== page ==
California dreamin takes hold
Portland Christian QB heads south with a Division I goal
Quarterback Jake Buchanan isn't afraid to jump into situations with both feet. Such confidence has led him to Saddleback Junior College, where he will pursue an NCAA Division I football scholarship.
Buchanan, a recent graduate of Portland Christian High in Northeast Portland, headed to Mission Viejo, Calif., last week.
'It's a big move for me, but I think I'm ready for it,' says Buchanan, who threw for more than 4,000 yards in three seasons at Portland Christian, a school with about 250 students. 'I'm not in a hurry. If it takes three years to get where I want, then that's OK with me.'
Buchanan's biggest asset is his height, 6-5, which allows him to see over most defensive linemen. He simply needs to add strength, conditioning and seasoning with the Gauchos, who were 9-2 last year.
'He has the raw talent, the physical tools,' says Portland Christian coach Andrew Jannsen. 'I won't say he's a Division I player, but he can be.'
Buchanan will live with relatives near the Pacific Ocean as he attends school and works out with Saddleback. He intends to grayshirt, which means he won't officially begin his athletic career until next year.
'I know I need to get stronger and faster to be able to play, but there really isn't any pressure on me,' he says. 'And it's not going to be too expensive, so that's in my favor, too.'
Small school standout
Buchanan started three games as a sophomore but suffered a broken thumb and then had injury troubles in his junior year, too. He separated his sternum before the season while cliff diving into the Clackamas River. He guided the Royals to a playoff berth in 2001, but the injury limited his mobility.
Last fall, the Royals were 7-2 and missed the state playoffs by one game.
Buchanan finished with 4,579 career yards passing and 52 touchdowns, including 21 in his junior year, when he threw to speedy receivers Ryan Hernandez and Jesse Stratos, both of whom now play at Willamette University.
Private colleges in Oregon chased Buchanan, but he opted for the JC route, especially after touring five schools in early spring. Buchanan worked out at several colleges, including Compton, and was excited by the level of play, especially the speed of the receivers.
'I could hit the receivers, but they were always having to reach back to catch the ball,' he says. 'That took a little getting used to, just how fast those guys are. But I loved it. You could really see the desire and dedication those guys have for the game. That really impressed me.'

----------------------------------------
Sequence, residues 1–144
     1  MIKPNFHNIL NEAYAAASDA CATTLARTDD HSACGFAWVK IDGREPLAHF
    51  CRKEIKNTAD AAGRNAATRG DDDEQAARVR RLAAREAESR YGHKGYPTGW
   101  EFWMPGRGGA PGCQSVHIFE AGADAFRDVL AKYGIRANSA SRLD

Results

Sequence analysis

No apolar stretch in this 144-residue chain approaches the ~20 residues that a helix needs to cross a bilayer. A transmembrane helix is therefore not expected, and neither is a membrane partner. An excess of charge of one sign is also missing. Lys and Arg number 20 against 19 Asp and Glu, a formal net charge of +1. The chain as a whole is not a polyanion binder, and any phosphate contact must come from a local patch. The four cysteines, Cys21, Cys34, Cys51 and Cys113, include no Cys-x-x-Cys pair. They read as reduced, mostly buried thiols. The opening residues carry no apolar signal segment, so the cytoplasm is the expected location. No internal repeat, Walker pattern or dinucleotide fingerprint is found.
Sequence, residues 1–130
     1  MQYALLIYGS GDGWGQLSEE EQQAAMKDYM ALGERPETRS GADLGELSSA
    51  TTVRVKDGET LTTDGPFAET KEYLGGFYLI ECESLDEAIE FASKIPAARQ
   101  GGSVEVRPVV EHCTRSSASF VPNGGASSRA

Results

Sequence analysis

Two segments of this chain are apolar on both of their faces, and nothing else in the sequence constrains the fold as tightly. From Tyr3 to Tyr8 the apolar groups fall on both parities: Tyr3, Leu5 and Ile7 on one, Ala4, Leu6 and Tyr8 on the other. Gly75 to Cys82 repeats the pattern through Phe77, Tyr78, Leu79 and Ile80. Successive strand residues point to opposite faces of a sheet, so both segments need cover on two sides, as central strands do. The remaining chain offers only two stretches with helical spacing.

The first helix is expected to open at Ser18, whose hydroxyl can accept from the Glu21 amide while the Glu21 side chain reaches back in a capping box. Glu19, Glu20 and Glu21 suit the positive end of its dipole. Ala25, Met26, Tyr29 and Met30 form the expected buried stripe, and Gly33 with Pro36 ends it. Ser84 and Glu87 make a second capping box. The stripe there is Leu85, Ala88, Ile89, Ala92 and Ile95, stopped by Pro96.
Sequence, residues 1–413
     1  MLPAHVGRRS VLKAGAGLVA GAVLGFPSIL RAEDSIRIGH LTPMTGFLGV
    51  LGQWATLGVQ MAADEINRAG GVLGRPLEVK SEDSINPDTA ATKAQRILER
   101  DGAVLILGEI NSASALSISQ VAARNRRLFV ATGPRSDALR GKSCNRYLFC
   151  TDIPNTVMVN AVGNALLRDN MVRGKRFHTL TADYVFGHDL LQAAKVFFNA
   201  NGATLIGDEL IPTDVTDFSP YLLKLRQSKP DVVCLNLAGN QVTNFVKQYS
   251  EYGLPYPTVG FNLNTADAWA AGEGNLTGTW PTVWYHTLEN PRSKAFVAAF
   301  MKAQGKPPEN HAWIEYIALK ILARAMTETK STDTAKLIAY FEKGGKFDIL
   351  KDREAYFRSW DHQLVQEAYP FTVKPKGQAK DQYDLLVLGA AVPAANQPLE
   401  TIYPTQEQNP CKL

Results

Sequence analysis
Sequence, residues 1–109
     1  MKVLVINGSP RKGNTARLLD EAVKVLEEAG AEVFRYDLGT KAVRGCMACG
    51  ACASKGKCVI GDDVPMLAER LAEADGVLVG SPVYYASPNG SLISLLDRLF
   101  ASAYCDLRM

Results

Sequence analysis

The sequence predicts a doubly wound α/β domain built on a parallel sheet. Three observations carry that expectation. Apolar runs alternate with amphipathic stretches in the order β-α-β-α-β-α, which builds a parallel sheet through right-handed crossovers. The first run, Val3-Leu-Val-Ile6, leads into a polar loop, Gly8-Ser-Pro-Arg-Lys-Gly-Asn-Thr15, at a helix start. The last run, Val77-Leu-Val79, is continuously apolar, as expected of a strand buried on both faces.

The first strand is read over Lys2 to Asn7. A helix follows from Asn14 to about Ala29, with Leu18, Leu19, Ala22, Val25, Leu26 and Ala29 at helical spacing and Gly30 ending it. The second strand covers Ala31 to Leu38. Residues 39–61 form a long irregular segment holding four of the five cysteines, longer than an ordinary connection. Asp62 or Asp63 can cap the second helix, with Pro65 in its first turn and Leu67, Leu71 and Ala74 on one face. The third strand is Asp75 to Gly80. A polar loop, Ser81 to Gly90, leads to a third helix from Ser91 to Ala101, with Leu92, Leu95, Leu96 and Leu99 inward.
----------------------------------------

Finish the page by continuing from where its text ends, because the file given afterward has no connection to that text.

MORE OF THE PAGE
Buchanan didn't work out with Saddleback's players, but the mere interest of other schools allowed him entry to that program. He chose Saddleback because it's close to where his aunt lives. He's rooming with her family.
'It would be great if he can improve and get playing time there,' Jannsen says. 'That would show the guys at our level that they can go off to a higher level if they have the desire.'
PT at a JC is OK
Playing for a junior college team in California is a significant step for aspiring football players. Dozens of JC players depart their school for Division I programs every year. Saddleback's tight end last season, Jon Lyon, headed for the University of Washington in January.
At rival Palomar, 23 players from last year's team are going to four-year schools, including 16 to Division I or I-AA schools. Linebacker Andrew Dorsey is at Portland State from that group, and the Vikings have at least a dozen other players with JC experience.
J.J. Johnson of Central Catholic is headed for Foothill College in Los Altos Hills, Calif., and Lincoln grad Sean Sosnovec plans to return for his sophomore season at DeAnza JC in Cupertino, Calif.
Buchanan spent much of the early summer working out daily in Portland Christian's weight room, trying to add muscle to his 195-pound frame. He will return to Oregon in August to play in the annual East-West Shrine Bowl in Baker City.
'Playing at Class 2A was fun, but there were only so many guys who were really dedicated to improvement,' he says. 'That's not the case at junior colleges. Everyone wants to get better, get to the next level. They're really going to push me, and that's what I'm looking for.'